Home > Research . Search . Country . Browse . Small Grants

PSC In The News

RSS Feed icon

Miller et al. find benefits of Medicaid for pregnant mothers in 1980s carry over two generations

Starr's findings account for some of the 19% black-white gap in federal sentencing

Frey says suburbs are aging, cities draw millennials

More News

Highlights

Bailey et al. find higher income among children whose parents had access to federal family planning programs in the 1960s and 70s

U-M's campus climate survey results discussed in CHE story

U-M honors James Jackson's groundbreaking work on how race impacts the health of black Americans

U-M is the only public and non-coastal university on Forbes' top-10 list for billionaire production

More Highlights

Next Brown Bag

Mon, Jan 22, 2018, noon: Narayan Sastry

Colter Mitchell photo

Epigenetic Mediation of Adverse Social Context on Stress Response, Socioemotional Development, and Health in a Population-based Study of Minority and Low SES Children and Adolescents

a PSC Research Project

Investigators:   Colter Mitchell, Luke Williamson Hyde, Christopher Stephen Monk, Nestor L. Lopez-Duran, Erin Bakshis Ware

Pronounced disparities exist by race, ethnicity, and SES in children and adolescents across a range of health conditions, and many adult health disparities can be traced to childhood social contextual inequalities. Epigenetics - modifications to the genome that are not changes in nucleotide sequence - holds great promise as potential indicators of contextual effects and health condition, potentially uncovering health disparities long before they are normally observable. Building on an existing representative study of children, this proposal will directly respond to PAR-16-355 by: 1) assembling epigenome-wide data on 2,000 children at two points in time, 2) describing methylation patterns in 3 race/ethnic groups and across SES levels, and 3) explicating epigenetic associations with social adversity, biological processes, and socioemotional development. The overarching hypothesis is that DNA methylation partially mediates the effect of adverse social context (i.e. poverty, harsh parenting, neighborhood disorganization, family instability, and parental incarceration) on biological processes related to stress response (telomere length and attrition, cortisol response, DHEA levels) and stress responsive behaviors (behavioral problems, risk taking, and resilience). We further hypothesize both differential exposure and differential response to adversity by race/ethnicity and SES explains some of the disparity in stress response and socioemotional development?thereby requiring formal comparisons of race/ethnicity and SES in the same study. To conduct this research we utilize the Fragile Families and Child Wellbeing Study (FFCWS): a 20-city nationally and city representative sample of 4898 children born in 1998-2000. FFCW provides a uniquely high prevalence of non-Hispanic Black (47%), Hispanic (27%), and impoverished families, making the data particularly useful for studying race/ethnic and SES differences. Families were interviewed at birth and at ages 1, 3, 5, 9, and 15?with biological data collected at ages 9 and 15. The expected results will be to provide estimates of: 1) population-based epigenome-wide DNA methylation measures for 3 race/ethnic groups (Hispanic n=600, African ancestry n=980, European ancestry n=420) in childhood and adolescence, 2) associations of social adversity across development (from in utero to age 15) with DNA methylation, 3) associations between DNA methylation and biological measures of stress response (i.e. telomere length and attrition, cortisol response, and DHEA levels), 4) associations between development of stress response behaviors and methylation profiles, and 5) comparisons of all these relationships in 3 race/ethnic groups and across a wide range of SES.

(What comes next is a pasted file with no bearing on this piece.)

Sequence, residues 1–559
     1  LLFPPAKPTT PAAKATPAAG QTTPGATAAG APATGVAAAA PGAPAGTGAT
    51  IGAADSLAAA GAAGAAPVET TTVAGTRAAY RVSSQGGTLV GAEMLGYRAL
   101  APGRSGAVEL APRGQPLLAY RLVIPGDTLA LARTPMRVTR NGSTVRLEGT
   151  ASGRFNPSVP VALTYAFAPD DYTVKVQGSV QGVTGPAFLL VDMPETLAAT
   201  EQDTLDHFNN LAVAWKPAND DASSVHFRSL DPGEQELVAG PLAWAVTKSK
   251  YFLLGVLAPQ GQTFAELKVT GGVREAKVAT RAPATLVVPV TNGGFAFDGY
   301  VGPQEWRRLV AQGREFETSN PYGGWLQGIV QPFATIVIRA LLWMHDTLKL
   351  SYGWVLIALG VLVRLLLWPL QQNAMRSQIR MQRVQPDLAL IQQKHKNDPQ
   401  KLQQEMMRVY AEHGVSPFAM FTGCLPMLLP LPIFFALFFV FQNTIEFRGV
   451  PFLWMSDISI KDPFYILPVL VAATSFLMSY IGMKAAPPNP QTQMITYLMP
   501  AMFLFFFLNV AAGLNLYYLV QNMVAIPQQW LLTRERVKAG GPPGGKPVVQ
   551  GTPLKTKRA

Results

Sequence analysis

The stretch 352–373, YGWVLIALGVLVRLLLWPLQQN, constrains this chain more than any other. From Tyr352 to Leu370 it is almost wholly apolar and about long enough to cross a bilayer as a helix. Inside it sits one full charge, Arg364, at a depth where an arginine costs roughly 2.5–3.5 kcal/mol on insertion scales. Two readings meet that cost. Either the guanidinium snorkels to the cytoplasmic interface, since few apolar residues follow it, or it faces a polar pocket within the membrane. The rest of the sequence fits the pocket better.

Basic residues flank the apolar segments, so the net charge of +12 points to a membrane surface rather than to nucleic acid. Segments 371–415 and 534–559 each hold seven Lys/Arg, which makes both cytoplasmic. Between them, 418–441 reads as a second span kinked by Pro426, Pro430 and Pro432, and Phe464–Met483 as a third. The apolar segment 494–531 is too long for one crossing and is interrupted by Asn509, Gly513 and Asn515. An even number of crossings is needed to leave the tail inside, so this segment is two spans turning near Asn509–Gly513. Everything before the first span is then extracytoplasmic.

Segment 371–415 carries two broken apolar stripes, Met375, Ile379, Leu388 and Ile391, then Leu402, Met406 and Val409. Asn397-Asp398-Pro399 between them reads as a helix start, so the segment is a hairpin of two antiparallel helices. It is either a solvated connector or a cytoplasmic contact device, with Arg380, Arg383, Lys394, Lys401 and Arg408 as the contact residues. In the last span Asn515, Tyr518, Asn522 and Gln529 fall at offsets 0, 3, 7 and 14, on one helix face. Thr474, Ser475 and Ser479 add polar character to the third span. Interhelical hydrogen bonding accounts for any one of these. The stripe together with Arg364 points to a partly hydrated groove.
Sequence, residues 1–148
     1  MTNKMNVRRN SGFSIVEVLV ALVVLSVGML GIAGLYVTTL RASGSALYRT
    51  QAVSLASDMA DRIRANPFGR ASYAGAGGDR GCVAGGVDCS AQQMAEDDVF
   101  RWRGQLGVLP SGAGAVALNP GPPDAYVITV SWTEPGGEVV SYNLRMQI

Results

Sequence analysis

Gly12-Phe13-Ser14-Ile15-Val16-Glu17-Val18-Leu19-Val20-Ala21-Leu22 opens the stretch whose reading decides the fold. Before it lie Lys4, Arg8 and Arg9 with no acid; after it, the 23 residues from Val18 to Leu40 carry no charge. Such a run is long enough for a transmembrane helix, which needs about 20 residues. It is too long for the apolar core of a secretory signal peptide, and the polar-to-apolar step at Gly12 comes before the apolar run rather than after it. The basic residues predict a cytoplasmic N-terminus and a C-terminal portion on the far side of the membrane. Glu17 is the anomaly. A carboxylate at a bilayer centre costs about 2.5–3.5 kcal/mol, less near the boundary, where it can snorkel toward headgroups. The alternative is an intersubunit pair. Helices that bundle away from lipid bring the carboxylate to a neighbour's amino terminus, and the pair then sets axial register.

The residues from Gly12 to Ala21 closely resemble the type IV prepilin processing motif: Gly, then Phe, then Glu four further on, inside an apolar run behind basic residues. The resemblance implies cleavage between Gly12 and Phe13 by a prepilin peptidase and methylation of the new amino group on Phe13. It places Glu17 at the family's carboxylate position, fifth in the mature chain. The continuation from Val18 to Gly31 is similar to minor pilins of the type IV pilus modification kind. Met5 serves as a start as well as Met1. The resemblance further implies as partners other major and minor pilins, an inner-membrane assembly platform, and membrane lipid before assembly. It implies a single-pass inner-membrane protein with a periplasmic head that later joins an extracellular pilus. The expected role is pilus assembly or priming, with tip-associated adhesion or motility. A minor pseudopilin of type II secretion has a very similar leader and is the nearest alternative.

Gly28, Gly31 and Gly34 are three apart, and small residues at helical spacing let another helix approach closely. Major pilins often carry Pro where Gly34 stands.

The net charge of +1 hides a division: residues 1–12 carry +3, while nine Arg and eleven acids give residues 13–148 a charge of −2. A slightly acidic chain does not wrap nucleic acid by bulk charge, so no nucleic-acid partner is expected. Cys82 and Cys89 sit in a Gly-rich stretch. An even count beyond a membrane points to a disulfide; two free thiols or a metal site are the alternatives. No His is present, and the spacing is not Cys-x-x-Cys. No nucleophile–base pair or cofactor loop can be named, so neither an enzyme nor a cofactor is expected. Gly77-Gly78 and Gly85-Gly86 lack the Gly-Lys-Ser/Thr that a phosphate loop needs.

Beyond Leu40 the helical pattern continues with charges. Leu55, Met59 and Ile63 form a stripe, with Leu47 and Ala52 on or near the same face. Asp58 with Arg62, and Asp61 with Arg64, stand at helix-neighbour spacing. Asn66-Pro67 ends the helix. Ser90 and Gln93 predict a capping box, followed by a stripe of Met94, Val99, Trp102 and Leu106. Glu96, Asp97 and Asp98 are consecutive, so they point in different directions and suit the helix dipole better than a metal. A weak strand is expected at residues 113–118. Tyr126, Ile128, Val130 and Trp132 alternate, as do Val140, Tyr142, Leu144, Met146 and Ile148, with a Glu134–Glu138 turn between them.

Funding Period: 08/16/2017 to 05/31/2022

Search . Browse